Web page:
You don't just have to make face masks. Why not make a green tea lotion or moisturizer?
These masks are appropriate for all skin types. They will calm down the redness, remove excess sebum and dead skin cells and treat bacteria. You'll be left with a brighter, clearer, more youthful-looking complexion.
Acne isn't only problematic on its own - mistreatment of breakouts can lead to permanent acne scars. But can you use green tea for acne scars?
Scars are harder to treat than acne, and the treatment also takes longer to work. That's exactly why it's better to prevent them from happening in the first place. ECGC reduces inflammation in the body and has antibacterial properties, which can reduce the chances of future scarring.
Not only does excessive sun exposure lead to premature aging, but it also increases the risk of skin cancer. Additionally, it can also lead to hyperpigmentation, which is a result of UV rays. Since the skin builds up melanin in a certain area to protect against the damage done by UV rays, this can cause certain areas to become darker than the rest, leading to the appearance of dark spots.
Because we want to avoid all that, green tea is an excellent option if you want to protect your skin against the risky effects of sun exposure. Phenols, as we've already mentioned, are very potent in green tea, and they can help repair the damage caused by excessive sun exposure. Regular use of green tea can also protect against sunburn.
This isn't to say that it can replace sunscreen, though. Make sure you apply sunscreen 20 minutes before exposing your skin to the sun, so you can prevent damage.
So, is green tea good for acne? Unfortunately, green tea, like every other acne solution, isn't a miracle worker. If you decide to use green tea for acne, it requires patience and persistence for you to notice an improvement in your skin tone.
More research is required so we can determine just how big of a role green tea has in keeping the skin clear. But one thing is for sure - green tea has many other benefits, too! So, unless you're pregnant or breastfeeding, chances are you will benefit from including more green tea in your diet or from trying out these natural home remedies.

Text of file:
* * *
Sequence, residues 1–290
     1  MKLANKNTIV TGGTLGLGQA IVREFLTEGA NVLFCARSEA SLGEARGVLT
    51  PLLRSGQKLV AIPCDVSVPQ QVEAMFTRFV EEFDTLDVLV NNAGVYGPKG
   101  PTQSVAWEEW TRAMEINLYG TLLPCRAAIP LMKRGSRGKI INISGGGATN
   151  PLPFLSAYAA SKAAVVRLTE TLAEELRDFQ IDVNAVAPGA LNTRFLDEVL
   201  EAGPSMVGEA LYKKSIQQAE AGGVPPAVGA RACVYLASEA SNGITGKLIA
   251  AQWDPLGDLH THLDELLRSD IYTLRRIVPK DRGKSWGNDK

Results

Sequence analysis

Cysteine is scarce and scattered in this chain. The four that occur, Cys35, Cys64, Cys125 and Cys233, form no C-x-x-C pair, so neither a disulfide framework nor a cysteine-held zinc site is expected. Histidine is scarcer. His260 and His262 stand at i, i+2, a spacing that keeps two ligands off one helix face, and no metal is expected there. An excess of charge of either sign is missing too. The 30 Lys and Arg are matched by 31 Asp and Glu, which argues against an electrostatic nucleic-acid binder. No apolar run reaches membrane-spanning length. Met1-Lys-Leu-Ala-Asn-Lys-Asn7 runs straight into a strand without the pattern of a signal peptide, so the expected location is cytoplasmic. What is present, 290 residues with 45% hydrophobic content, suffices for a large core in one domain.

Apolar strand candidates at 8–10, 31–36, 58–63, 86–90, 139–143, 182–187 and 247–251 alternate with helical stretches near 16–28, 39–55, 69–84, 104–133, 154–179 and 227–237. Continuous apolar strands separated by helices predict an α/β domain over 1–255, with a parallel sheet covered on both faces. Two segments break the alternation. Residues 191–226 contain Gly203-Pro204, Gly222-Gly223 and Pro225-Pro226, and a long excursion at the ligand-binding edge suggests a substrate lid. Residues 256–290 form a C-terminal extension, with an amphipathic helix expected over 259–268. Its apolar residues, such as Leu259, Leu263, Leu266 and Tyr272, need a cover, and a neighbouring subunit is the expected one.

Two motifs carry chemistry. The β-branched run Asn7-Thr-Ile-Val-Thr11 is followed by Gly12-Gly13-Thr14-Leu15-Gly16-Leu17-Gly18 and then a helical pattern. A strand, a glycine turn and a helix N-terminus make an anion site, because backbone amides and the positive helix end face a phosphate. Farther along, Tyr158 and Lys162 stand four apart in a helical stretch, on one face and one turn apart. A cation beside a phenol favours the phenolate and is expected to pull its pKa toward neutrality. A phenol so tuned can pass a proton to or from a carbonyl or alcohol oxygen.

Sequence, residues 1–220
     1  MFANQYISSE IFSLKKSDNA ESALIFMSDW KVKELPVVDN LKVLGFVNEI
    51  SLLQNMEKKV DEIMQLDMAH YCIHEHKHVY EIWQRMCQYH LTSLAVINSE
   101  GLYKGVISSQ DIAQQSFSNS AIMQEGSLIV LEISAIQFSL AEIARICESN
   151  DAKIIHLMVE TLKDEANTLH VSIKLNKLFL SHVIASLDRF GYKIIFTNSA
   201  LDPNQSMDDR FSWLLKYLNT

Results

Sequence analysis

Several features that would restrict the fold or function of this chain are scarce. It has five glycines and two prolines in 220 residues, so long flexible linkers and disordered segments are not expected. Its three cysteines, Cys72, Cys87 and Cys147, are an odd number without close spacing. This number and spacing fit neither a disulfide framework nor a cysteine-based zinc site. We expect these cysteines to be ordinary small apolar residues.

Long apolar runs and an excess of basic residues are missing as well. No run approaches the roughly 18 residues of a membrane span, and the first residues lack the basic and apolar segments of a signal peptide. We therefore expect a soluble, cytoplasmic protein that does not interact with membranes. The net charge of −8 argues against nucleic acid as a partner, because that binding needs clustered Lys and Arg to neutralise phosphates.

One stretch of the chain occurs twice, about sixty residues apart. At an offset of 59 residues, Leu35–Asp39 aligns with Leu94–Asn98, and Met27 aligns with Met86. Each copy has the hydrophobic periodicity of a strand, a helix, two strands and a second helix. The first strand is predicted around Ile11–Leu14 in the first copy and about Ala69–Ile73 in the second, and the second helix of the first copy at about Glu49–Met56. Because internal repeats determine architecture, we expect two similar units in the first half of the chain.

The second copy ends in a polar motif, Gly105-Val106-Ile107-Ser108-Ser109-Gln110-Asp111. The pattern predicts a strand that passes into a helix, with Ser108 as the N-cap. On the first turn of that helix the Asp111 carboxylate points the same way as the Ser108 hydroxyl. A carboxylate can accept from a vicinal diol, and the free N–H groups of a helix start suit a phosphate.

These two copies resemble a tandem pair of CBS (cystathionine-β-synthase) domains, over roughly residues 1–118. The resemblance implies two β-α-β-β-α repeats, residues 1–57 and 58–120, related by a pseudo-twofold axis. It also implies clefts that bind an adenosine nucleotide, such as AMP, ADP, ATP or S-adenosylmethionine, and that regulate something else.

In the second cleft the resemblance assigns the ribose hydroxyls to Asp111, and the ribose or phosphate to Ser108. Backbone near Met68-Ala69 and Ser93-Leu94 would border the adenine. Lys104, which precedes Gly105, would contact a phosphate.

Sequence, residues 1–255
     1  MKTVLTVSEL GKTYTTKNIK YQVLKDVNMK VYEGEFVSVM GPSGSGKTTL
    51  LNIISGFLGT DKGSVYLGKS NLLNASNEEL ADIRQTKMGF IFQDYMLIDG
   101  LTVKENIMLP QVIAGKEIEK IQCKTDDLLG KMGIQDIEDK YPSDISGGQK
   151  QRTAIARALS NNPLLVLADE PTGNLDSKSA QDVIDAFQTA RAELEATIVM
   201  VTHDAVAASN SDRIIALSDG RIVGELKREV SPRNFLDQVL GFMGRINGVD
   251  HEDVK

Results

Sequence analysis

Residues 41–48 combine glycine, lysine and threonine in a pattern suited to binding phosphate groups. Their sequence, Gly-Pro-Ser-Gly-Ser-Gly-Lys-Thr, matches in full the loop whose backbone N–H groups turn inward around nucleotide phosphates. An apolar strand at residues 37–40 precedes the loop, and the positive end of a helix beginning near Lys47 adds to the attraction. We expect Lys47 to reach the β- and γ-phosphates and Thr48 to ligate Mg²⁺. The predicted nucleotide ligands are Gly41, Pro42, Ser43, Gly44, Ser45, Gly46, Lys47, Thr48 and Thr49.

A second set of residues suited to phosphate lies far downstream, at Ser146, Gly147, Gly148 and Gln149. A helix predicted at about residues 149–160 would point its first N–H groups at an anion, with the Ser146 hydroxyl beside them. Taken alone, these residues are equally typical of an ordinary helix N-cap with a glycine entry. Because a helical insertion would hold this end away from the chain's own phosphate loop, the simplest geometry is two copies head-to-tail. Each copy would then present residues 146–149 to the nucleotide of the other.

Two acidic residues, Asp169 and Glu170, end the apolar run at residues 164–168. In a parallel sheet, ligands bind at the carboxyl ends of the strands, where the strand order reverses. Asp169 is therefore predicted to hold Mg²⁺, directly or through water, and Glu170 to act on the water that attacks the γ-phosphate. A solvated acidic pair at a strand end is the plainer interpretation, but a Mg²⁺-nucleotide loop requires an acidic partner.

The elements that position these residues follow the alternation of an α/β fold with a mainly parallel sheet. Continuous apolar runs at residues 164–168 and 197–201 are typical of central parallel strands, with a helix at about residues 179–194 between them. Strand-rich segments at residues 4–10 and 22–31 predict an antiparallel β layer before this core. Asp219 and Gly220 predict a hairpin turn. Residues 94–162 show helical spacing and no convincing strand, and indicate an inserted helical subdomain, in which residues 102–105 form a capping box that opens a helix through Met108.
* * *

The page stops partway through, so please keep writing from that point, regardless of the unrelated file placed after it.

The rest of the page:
So, even though drinking a few cups of green tea a day won't solve your acne problems immediately, it does have positive effects in the long run, and you will likely benefit from those antioxidants in multiple ways. Of course, the best way to ensure that you're making the most out of green tea is to combine it with a well-planned skincare routine, a healthy diet, exercise, and a regular sleeping pattern.
Green tea has powerful ingredients that have anti-inflammatory, antibacterial, and antioxidant properties valuable for the skin. So even though green tea on its own isn't very effective at treating acne, it has some beneficial properties that will help the skin's overall appearance.
Make sure you do a patch test before applying green tea to your face. Your body can always use a few extra antioxidants (or a little extra caffeine), so giving this alternative acne treatment a go should be a no-brainer!
Like with most acne treatments, patience is a virtue. This study found a "significant reduction in sebum secretion after 60 days of a topical green tea emulsion."
That's right - you'll be waiting about two months before you see a significant difference.
To get rid of pimples or control acne-prone skin, drink green tea or apply it topically.